You can determine if your child’s priority date is current by checking the Visa Bulletin issued each month by the Department of State. Immigrant petitions are processed based on the order in which they are received. However, an immigrant’s ability to move on to the next step (applying for an immigrant visa at a U.S. consulate or applying for adjustment of status from within the U.S.) is limited by the availability of immigrant visas in the various preference categories. Your child can apply for an immigrant visa or adjustment of status only when his or her priority date is “current,” meaning that there is an immigrant visa available. The Visa Bulletin lists which priority dates are “current.” It is updated monthly and published on the Department of State’s website.
If your immigrant petition is approved and the priority date becomes current prior to your child’s 21st birthday, your child has one year to apply for permanent residence in order for protection under the Child Status Protection Act to continue.
If you file an immigrant petition and your child reaches age 21 before the petition is approved or before his or her priority date is current, the calculation becomes more complicated.
First, you will need to determine your child’s age on the date an immigrant visa became available. If there is no backlog and immigrant visas are immediately available, this date will be the date that the immigrant petition is approved. If there is a backlog, immigrant visas are considered to be available on the first day of the month for which they are current. For example, if your child’s priority date became current in the February visa bulletin, this date would be February 1. Determine your child’s age on the appropriate date.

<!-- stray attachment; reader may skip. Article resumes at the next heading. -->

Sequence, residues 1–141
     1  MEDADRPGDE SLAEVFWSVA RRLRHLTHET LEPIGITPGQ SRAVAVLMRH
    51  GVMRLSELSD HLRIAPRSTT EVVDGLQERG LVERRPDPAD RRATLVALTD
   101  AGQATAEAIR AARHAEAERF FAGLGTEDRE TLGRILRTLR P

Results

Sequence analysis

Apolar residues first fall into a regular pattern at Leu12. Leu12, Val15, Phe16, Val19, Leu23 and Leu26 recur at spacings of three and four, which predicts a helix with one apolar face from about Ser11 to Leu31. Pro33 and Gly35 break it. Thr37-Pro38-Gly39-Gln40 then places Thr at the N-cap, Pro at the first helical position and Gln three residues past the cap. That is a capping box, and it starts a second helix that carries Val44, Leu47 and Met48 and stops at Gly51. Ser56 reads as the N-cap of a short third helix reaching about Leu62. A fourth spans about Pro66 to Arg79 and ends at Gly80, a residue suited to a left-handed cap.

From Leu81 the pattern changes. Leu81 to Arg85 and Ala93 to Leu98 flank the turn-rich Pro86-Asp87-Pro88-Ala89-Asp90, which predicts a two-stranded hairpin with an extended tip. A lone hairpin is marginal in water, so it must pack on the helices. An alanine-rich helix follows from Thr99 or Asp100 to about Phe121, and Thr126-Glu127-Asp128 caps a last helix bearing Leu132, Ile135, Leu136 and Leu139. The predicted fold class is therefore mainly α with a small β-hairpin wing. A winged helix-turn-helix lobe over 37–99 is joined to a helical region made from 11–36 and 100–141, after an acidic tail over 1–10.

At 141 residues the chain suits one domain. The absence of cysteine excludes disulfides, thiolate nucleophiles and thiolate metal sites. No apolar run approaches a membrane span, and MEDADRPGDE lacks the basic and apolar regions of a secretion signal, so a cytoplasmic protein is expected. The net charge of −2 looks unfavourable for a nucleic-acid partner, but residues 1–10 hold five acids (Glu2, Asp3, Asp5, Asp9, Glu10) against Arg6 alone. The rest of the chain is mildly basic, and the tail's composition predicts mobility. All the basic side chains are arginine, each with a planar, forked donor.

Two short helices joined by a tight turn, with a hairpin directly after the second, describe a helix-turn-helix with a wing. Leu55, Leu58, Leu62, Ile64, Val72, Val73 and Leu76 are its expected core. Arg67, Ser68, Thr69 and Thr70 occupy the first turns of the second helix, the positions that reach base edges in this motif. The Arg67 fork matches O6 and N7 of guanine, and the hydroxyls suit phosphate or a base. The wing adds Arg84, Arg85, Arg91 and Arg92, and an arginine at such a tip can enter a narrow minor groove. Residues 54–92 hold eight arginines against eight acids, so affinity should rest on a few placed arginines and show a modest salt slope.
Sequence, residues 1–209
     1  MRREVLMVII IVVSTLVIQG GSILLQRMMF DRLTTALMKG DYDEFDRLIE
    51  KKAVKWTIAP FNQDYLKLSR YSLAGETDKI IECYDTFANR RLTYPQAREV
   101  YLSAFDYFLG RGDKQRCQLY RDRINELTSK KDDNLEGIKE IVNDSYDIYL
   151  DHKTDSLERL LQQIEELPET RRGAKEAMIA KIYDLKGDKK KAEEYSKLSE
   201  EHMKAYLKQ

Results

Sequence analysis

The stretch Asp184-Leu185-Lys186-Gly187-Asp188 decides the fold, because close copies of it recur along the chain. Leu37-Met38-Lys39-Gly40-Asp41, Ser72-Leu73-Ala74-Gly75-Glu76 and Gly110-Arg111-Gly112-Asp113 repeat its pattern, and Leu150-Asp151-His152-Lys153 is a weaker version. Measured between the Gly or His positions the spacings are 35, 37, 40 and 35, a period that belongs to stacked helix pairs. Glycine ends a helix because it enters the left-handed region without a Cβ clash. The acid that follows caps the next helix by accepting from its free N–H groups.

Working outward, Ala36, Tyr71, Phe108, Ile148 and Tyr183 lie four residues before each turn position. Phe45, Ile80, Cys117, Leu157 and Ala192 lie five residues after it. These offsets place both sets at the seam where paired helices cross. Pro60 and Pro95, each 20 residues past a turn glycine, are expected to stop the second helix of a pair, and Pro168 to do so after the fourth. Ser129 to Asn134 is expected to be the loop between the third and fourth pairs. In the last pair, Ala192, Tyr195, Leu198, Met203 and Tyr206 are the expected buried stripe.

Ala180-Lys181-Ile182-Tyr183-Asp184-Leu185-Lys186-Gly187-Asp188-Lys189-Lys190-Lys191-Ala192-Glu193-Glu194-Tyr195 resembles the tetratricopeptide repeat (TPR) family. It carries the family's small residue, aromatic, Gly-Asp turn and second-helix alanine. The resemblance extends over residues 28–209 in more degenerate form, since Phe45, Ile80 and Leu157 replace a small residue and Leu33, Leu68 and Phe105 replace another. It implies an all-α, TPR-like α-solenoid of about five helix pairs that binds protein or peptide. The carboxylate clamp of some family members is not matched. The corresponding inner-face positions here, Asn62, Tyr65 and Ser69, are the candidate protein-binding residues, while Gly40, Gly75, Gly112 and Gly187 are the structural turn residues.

Second, subtract the number of days that the petition was pending from your child’s age. This will determine your child’s age under the CSPA. If this age is under 21, your child will be protected from “aging out.” The number of days that the petition was pending is the number of days between the date the petition is received for processing and the date that an approval is issued. Your child must apply for permanent residency within one year after the immigrant visa becomes available.
Derivative Beneficiaries (Family-Based and Employment-Based)
If your child is listed as a derivative beneficiary on a family-based or employment-based immigrant petition, the calculation is slightly different.
First, determine your child’s age on the date an immigrant visa became available. Remember that for family-based cases, the priority date is the date the immigrant petition was received and accepted for processing. For employment-based cases, the priority date is the date that the labor certification was filed, or if no labor certification was required, the date that the Immigrant Petition for Alien Worker (filed on Form I-140) was filed.
Second, subtract the number of days that the petition was pending from your child’s age. For family-based cases, this is the number of days between the date that Form I-130, Petition for Alien Relative, was received for processing and the date that an approval was issued. For employment-based cases, this is the number of days between the date that Form I-140, Immigrant Petition for Alien Worker, was received for processing and the date that an approval was issued. This is your child’s age under the CSPA.
If the immigrant petition is approved and the priority date becomes current before your child is 21 under the CSPA, your child has one year to apply for permanent residency.
The Child Status Protection Act also has provisions protecting children who qualify for permanent residency based on the diversity visa lottery as well as K-2 and K-4 visa holders. If you are concerned that your child may fail to qualify for permanent residency as a “child” because he or she is close to turning 21, you should consider whether your child’s eligibility can be preserved by the Child Status Protection Act.